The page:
The Project Entangle EX-β

The Entangle EX-β.

A couple months ago we were thrilled to assemble an Entangle platform that actually looked and felt more like a set-top box. The Entangle EX-α is a Raspberry Pi 4 mated to an HDHomerun Flex 4k. Unfortunately stock FFmpeg doesn’t enable hardware-accelerated HEVC decode, which is needed to watch ATSC 3.0 broadcasts. And while patches have been done in distros such as LibreELEC, we don’t have the time at the moment to integrate those into the Entangle code base.

So…we’ve gone back to X86 to build the Entangle EX-β.

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Send In The Clones! Cloning the Silver Sensor

The Zenith Silver Sensor.

For many years one of our favorite antennas, and our go-to antenna for on-the-road OTA, was the venerable Silver Sensor. It’s on the compact side and has an interesting reception pattern – it’s somewhat directional and rejects signals from the back, but has a rather wide reception from the front.  We had one since the early 2000s and for a time it was even mast-mounted outdoors, serving as a household main antenna for a DIRECTV TiVo HR10-250 beta unit. More recently its been on trips throughout California, Nevada and Arizona to tangle with ATSC 3.0 emissions.

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The Project Entangle EX


Project Entangle – our platform for exploring ways of obtaining and consuming media – was developed on PCs and up until now Entangle platforms have largely been laptops or NUCs. They make great development environments and have a plethora of tools often missing from embedded platforms. But even “thin and light” laptops are big and power-hungry compared to most set-top boxes, and, we’ve always kept an eye out for ways we might piece together a more compact version. And we finally took our first step in that direction with a Raspberry Pi 4 and HDHomerun Flex 4k packaged in a DeskPi Pro chassis.

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Koherence’s response to FCC Docket 16-142 and ATSC 3.0 DRM

As broadcasters have started turning on DRM for their services, viewers using HDHomeruns and other devices have started to lose access to those services. Here in the SF Bay Area, CBS, NBC, and Univision stations have encrypted their services while ABC, FOX, and the independent KRON remain in the clear. On a recent trip to Honolulu we also noted a number services have flipped the protection switch since our previous trip in February. As a result we have switched back to the ATSC 1.0 versions of these services, where we an record, watch, trick play, and stream throughout and outside the home via Project Entangle. (We are pleased that to date ABC has resisted the urge to protect their 3.0 service and enjoy ABC Nightly News via KGO’s 3.0 service.)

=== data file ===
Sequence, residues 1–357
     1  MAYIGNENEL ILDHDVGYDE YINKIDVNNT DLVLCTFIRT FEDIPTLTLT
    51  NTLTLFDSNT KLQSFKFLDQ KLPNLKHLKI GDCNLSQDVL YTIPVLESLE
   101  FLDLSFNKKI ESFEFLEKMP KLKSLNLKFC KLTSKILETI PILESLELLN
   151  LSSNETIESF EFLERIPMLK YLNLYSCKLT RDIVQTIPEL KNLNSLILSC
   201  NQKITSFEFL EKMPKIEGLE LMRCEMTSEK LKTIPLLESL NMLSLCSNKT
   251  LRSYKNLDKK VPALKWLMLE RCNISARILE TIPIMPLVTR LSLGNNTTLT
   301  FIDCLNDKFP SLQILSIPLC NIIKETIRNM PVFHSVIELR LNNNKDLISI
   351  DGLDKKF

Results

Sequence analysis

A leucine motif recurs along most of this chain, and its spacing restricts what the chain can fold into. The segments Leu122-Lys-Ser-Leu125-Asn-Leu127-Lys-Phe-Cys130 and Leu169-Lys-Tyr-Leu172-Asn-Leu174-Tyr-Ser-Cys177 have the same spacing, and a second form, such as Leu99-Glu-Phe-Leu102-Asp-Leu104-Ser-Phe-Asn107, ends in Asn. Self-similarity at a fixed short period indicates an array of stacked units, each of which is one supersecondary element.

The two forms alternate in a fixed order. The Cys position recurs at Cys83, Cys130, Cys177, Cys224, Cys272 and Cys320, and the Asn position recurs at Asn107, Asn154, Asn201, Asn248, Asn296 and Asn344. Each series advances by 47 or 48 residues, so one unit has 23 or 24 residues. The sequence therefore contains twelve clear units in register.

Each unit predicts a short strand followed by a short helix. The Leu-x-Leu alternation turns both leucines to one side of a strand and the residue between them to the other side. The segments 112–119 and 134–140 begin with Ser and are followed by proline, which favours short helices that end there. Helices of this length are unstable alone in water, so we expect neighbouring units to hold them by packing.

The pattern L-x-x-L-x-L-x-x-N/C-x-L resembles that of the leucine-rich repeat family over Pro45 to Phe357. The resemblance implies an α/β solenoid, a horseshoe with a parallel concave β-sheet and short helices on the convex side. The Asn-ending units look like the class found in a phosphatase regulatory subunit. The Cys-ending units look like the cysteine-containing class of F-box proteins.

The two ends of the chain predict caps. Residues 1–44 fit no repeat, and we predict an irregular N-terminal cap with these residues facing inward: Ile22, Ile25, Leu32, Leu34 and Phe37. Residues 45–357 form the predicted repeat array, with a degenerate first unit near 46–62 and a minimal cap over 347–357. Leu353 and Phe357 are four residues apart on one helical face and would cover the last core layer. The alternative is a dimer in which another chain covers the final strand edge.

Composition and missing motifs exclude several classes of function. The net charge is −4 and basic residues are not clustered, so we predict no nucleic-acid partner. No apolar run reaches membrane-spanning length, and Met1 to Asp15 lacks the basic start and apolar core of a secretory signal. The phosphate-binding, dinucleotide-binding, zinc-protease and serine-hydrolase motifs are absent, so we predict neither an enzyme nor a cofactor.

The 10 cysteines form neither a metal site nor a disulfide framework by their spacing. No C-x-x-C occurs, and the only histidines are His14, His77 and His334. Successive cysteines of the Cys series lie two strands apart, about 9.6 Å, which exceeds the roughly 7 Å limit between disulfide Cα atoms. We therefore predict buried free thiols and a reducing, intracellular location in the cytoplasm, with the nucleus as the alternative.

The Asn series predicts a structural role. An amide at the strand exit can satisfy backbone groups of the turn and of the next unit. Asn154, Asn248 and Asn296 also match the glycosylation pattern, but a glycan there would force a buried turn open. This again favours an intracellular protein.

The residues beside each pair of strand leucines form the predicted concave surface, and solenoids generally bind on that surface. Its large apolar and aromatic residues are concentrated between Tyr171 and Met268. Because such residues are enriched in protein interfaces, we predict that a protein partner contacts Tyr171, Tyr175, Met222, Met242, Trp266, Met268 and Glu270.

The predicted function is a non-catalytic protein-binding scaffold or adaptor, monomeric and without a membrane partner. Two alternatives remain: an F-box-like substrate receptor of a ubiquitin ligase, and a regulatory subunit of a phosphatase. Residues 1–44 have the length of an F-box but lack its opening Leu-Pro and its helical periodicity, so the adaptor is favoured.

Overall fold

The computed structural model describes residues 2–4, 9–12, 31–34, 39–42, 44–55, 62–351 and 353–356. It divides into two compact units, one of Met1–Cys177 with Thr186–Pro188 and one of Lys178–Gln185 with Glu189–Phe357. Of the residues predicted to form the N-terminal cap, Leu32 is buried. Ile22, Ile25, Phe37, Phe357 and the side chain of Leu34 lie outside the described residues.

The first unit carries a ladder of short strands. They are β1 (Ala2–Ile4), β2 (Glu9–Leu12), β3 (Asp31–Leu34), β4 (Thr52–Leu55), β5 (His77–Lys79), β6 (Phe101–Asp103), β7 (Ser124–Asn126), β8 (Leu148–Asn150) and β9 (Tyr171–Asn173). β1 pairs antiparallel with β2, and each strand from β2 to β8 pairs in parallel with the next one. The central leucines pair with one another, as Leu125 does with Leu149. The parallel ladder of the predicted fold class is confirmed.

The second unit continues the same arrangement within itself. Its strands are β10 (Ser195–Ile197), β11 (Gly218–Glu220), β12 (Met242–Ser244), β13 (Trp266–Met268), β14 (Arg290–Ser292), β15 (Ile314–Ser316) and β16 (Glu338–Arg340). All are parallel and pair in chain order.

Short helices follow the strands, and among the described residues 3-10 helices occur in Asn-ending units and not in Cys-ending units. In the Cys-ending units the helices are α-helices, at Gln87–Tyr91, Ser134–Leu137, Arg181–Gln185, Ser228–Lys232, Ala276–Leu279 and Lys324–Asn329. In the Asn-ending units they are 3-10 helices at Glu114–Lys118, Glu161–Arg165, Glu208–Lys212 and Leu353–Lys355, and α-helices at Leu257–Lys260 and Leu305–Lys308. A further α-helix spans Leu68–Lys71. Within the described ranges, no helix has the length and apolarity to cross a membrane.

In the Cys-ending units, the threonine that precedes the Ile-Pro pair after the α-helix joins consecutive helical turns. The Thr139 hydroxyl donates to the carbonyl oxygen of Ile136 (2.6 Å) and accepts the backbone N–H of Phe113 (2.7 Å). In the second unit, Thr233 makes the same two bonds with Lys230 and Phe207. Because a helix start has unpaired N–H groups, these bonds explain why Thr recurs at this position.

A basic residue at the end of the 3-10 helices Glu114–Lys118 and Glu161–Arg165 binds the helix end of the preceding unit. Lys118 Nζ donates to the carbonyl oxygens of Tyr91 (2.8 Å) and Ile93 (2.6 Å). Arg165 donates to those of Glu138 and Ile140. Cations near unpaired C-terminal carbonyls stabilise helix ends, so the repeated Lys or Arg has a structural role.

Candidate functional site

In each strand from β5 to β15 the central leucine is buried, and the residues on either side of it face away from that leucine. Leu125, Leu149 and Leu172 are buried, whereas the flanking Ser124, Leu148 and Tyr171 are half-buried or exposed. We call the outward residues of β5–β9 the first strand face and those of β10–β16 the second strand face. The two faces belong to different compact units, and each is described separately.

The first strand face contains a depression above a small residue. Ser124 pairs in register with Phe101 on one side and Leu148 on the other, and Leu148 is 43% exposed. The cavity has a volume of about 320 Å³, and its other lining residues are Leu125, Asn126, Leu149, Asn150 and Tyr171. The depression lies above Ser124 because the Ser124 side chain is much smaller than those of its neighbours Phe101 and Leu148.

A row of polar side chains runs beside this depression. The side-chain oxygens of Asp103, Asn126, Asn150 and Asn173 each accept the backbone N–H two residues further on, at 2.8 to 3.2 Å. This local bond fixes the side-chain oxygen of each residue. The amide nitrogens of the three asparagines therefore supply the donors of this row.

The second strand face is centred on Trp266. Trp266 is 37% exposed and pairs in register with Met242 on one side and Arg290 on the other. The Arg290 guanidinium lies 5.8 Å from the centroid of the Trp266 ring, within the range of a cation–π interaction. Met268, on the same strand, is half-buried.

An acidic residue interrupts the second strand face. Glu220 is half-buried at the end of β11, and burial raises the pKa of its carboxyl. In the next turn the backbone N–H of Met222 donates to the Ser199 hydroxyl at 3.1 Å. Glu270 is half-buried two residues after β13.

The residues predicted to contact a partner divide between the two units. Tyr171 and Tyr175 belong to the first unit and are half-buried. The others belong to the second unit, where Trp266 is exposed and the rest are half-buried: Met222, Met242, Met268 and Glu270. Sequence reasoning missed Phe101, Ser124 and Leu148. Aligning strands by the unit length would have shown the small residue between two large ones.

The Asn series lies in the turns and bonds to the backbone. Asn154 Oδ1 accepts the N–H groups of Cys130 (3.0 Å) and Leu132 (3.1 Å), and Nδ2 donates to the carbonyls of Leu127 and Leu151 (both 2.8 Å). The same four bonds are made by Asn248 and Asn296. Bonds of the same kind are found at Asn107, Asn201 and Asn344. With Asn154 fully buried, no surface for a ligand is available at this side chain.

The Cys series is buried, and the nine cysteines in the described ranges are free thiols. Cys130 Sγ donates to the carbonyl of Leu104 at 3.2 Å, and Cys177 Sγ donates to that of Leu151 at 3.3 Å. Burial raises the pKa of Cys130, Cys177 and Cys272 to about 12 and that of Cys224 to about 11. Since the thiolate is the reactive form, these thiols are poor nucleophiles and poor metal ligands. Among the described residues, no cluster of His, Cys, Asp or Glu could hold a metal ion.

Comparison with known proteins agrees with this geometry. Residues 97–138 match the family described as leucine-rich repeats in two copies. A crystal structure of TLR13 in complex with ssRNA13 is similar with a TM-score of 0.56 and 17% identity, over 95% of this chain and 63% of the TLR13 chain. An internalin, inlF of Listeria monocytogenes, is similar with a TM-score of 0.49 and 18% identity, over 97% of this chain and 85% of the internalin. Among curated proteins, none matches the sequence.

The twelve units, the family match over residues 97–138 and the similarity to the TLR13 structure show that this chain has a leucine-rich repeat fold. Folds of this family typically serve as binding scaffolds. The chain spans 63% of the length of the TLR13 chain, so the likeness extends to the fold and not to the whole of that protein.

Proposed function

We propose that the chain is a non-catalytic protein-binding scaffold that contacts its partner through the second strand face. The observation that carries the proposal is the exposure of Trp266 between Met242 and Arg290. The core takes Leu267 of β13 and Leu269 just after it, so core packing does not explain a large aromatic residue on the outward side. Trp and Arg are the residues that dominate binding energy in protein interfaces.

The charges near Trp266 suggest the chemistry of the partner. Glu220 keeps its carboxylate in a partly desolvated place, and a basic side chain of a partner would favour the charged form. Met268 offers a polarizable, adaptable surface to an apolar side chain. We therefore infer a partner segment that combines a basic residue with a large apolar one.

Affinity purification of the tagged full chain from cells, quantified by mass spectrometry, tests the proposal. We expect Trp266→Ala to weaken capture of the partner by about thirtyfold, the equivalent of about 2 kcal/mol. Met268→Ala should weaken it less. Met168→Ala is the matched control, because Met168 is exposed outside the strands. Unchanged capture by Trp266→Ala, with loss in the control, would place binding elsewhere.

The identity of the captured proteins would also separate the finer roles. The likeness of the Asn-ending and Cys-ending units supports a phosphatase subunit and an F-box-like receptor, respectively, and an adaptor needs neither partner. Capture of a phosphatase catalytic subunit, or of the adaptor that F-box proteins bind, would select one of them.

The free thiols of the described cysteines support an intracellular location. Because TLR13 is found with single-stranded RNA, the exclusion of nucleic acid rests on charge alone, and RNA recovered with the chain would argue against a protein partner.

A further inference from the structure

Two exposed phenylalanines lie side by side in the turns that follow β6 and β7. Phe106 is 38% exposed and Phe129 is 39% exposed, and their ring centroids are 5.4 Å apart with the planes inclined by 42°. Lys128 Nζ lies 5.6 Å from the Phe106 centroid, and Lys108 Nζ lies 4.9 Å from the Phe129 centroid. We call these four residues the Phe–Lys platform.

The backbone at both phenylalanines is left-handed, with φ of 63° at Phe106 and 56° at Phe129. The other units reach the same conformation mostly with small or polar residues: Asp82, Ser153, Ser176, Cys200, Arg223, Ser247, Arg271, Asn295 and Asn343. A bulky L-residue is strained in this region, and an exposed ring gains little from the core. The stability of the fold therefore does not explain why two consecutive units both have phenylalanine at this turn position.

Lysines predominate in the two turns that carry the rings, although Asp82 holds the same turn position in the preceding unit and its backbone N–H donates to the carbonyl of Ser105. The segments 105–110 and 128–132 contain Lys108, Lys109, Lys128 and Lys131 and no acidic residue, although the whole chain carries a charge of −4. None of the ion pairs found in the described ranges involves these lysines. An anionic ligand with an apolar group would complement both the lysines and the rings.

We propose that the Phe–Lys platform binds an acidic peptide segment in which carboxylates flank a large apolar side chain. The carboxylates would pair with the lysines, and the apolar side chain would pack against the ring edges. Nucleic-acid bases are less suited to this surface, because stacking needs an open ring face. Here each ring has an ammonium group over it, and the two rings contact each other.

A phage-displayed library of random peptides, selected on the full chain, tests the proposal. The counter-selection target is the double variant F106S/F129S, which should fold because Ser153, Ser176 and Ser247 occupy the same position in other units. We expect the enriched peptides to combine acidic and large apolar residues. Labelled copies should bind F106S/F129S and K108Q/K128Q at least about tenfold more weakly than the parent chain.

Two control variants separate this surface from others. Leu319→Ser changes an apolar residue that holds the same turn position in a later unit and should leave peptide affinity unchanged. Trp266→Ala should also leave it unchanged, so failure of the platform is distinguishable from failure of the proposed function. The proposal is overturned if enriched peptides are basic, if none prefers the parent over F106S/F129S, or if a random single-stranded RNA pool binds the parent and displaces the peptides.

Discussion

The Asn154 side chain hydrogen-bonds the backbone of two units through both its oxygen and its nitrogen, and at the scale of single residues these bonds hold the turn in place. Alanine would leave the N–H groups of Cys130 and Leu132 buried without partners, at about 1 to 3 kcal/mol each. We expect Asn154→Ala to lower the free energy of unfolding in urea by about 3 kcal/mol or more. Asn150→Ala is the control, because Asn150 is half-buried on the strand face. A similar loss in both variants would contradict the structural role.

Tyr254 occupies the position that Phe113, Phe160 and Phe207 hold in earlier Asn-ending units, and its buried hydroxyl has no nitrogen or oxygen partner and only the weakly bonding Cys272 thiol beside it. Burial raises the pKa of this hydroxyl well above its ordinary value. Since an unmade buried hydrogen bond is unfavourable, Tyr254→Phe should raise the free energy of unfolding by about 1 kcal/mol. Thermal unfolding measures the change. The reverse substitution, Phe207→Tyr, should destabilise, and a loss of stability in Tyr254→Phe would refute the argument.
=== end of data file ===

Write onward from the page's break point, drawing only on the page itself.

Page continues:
In response to the frustrations of losing access to protected 3.0 services, Lon Seidman started a petition urging the FCC to take action and prevent broadcasters from encrypting their services. Readers of this blog know that we do not view protection of 3.0 services favorably – in particular services which are comparable to existing free and in-the-clear ATSC 1.0 services (which is at present basically all 3.0 services). There is a place for DRM in ATSC 3.0, and Evoca’s service was a great example.

If you haven’t signed the petition, we urge you to do so. It can be found at:

Lon Seidman also filed a complaint with the FCC. In their reply the FCC provided a way for consumers to share their experiences and how they are harmed by ATSC 3.0 DRM. We encourage you to submit a comment via

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North Korea Rolls Out Next-Generation Television to Captive Audience

Not to be outdone by their neighbors to the south, North Korea has taken its first steps in rolling out the next-generation television standard KTSC 3.0. Based on ATSC 3.0, KTSC 3.0 modifies the standard, for example by replacing COFDM with TEADM, so that compliant televisions are unable to receive the ATSC 3.0 broadcasts from South Korea.

A key feature of the new standard is its incorporation of a DRM scheme permitting broadcasters more control over how viewers consume their programming. Viewers are not allowed to pause or fast-forward through commercials or state-sponsored segments, for example, although they are allowed to rewind and watch them again.

A more controversial aspect of the DRM scheme requires viewers to wear a bracelet monitoring their proximity to the television. Televisions will only display programming while a viewer is within five meters of the set. Straying from those bounds during a commercial (or certain “Must Watch” programming) results in the administration of progressively stronger electrical shocks.
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